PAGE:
Adjuvant therapy of parkinsonian tremor

Arch Neurol. 1987 Sep;44(9):921-3. doi: 10.1001/archneur.1987.00520210023013.


The effect of long-acting propranolol hydrochloride (160 mg/d), primidone (250 mg at night), and clonazepam (4 mg/d) on the resting, postural, and kinetic component of tremor was investigated in ten parkinsonian patients in a double-blind crossover design. Tremor was assessed by patient opinion, clinical scoring, and accelerometer recordings. The amplitude and frequency of tremorgrams were determined by spectral analysis. Most patients preferred long-acting propranolol and chose to continue taking the drug. The mean clinical score for resting and postural tremor was significantly decreased by long-acting propranolol but not by primidone or clonazepam. Long-acting propranolol reduced the mean amplitude of resting tremor by 70% and the mean amplitude of postural tremor by 50%. Mean tremor amplitudes were not changed by primidone or clonazepam. Tremor frequency was unaltered by the drugs. No side effects occurred with long-acting propranolol but adverse reactions were common with primidone and clonazepam. Long-acting propranolol is a useful adjuvant therapy for the tremors associated with Parkinson's disease.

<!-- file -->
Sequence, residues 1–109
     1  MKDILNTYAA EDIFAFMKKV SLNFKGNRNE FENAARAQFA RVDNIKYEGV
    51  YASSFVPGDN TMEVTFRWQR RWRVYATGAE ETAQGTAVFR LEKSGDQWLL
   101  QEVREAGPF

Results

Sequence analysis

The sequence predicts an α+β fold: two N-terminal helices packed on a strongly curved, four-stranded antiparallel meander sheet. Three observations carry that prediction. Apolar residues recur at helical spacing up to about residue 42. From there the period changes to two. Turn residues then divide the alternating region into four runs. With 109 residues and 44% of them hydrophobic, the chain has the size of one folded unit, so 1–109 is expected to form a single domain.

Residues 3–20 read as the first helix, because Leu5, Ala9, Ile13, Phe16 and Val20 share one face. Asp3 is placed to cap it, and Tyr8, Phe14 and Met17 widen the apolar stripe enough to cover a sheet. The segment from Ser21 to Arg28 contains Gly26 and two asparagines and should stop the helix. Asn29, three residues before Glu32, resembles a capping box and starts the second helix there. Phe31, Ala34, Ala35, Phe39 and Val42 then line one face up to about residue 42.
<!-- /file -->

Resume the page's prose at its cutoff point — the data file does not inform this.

Publication types

  • Clinical Trial
  • Controlled Clinical Trial

MeSH terms

  • Aged
  • Antiparkinson Agents / therapeutic use*
  • Carbidopa / therapeutic use
  • Clonazepam / therapeutic use*
  • Double-Blind Method
  • Drug Therapy, Combination
  • Humans
  • Levodopa / therapeutic use
  • Male
  • Middle Aged
  • Parkinson Disease / drug therapy*
  • Primidone / therapeutic use*
  • Propranolol / therapeutic use*
  • Random Allocation
  • Tremor / drug therapy*
  • Trihexyphenidyl / therapeutic use


  • Antiparkinson Agents
  • Primidone
  • Levodopa
  • Clonazepam
  • Trihexyphenidyl
  • Propranolol
  • Carbidopa